An Ear for Film: Guiltless Pleasures
The three best movie-related podcast episodes of the week.Movies Lists
Each week, Dom plumbs the depths of podcast nation to bring you the best in cinema-related chats and programs. If writing about music is like dancing about architecture, then writing about movie podcasts is like listening to someone describe someone dancing about architecture.
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The phrase “guilty pleasure” is almost as bad as the word “poptimism”—both assume that what one likes, and therefore what one spends time consuming and by extension what defines one’s taste, is subject to an external, inviolable standard of what’s any good or not. Which is bullshit: You like what you like, and that’s it. No one should feel guilty for deriving pleasure from something—unless of course it’s, y’know, murder, or racism, or spitting on puppies, or anything that hurts anyone else—because where does that guilt even come from anyway?
I love the movie Ghost Rider: Spirit of Vengeance. It is a motion picture during the course of which I am thoroughly pleased by what is happening before my eyes. I could attempt to craft a critical exegesis regarding the ways in which the film is actually better than you remember it, or the ways in which it has been unfairly maligned for its pop-pulp indulgences—how it is a misunderstood classic—but that would only reinforce a dynamic that the Internet loves to pull out of its collective asshole whenever confronted with an opinion that is not identical to its own. Critics vs. Everybody: Writers want to hate popular movies, or so the easy legend goes. Just look at the comments section for any Warcraft review and you’ll see what I mean.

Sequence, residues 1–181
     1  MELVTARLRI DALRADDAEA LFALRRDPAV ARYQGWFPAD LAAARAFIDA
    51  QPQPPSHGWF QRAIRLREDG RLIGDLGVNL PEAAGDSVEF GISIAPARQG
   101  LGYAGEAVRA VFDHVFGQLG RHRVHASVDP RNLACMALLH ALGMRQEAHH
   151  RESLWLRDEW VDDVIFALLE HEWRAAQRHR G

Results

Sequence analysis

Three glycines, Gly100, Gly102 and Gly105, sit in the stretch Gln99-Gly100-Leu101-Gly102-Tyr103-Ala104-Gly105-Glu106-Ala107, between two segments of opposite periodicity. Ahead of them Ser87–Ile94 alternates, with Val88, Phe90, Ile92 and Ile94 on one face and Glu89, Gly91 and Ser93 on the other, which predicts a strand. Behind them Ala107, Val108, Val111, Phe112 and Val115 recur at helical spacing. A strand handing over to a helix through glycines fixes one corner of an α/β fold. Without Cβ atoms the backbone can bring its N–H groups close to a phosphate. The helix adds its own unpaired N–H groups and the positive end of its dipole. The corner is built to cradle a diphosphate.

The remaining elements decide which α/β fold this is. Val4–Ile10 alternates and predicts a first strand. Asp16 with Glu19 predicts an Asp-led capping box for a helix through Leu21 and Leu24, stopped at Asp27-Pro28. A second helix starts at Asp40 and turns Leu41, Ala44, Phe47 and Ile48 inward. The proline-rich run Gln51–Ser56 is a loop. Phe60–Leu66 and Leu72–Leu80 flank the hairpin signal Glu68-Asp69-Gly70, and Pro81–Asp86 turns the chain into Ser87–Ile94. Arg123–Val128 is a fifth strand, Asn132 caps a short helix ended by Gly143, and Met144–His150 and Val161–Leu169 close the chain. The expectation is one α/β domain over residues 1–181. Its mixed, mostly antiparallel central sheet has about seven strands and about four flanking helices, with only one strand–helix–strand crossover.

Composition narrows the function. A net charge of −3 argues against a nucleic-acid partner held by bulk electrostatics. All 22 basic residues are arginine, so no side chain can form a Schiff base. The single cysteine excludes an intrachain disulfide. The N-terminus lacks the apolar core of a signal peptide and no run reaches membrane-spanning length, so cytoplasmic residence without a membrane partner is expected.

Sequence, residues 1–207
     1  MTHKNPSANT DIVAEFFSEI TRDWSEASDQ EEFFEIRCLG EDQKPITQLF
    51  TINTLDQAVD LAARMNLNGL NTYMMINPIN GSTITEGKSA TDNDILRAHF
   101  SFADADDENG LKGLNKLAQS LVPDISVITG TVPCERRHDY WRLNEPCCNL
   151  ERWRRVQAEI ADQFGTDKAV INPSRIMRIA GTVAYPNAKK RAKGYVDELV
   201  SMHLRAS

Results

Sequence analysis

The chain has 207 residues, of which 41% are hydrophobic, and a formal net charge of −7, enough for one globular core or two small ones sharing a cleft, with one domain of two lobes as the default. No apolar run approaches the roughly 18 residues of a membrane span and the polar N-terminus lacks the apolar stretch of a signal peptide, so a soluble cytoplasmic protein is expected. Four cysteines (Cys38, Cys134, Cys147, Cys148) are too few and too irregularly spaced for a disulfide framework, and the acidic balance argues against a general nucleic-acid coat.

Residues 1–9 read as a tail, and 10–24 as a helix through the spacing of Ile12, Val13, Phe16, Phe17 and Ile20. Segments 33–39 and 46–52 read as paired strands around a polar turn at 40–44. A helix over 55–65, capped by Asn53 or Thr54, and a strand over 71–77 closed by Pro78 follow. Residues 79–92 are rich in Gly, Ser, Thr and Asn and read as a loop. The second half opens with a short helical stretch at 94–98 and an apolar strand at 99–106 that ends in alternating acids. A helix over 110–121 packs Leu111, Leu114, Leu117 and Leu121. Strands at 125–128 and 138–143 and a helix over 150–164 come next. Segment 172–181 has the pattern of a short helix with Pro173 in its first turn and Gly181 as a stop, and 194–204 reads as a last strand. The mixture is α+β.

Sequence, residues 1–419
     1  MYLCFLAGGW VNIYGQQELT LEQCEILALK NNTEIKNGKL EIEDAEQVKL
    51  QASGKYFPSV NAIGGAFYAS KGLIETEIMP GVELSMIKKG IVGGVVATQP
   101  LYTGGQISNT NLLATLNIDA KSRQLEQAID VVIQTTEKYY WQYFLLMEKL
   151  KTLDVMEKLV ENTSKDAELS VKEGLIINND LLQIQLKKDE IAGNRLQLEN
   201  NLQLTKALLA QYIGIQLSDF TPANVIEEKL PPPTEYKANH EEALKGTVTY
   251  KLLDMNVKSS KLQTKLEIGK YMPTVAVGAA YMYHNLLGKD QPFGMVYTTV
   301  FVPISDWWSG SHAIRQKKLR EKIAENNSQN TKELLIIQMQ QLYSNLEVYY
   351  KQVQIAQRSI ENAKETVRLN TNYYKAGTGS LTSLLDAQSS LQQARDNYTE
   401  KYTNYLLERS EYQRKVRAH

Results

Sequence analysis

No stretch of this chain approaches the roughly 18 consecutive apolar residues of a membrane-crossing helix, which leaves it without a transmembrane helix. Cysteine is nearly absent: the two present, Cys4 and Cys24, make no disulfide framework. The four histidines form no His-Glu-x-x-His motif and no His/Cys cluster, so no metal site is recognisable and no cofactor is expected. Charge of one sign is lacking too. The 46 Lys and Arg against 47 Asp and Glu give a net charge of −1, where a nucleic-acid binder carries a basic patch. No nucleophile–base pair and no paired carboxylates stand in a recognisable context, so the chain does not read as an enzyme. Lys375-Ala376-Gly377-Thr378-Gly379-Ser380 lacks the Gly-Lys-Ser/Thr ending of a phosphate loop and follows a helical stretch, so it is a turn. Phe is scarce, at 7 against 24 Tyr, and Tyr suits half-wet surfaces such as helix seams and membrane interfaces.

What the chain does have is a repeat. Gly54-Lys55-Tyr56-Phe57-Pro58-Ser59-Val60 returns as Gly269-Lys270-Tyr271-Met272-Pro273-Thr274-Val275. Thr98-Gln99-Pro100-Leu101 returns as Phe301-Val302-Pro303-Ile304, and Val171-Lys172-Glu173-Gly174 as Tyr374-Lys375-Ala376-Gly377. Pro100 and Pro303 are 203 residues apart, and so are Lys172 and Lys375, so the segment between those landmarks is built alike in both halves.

All of this is stupid, all of it elitist and contrary to the reasons that any of us fell in love with any kind of art in the first place. Unless you were a weird fucking kid with obnoxious parents, your cinephilia probably gestated within the womb of Steven Spielberg spectacle and Disney cartoons, reared by The Monster Squad and The Little Mermaid and Teenage Mutant Ninja Turtles II: Secret of the Ooze, pulled kicking and screaming through the growing pains of Donnie Darko and The Princess Bride, Ghost World and The Royal Tenenbaums, to the light of the near-motionless brilliance of Tarkovsky or Kubrick or whatever else you may have spent some considerable time convincing your young self to sit still long enough to get through. This is all of what you are, and to call any of these movies a “guilty pleasure” would be to pretend like they didn’t shape your taste, that Ozu to a film student is somehow intrinsically more important a connection than Indiana Jones and the Last Crusade is to a 9-year-old.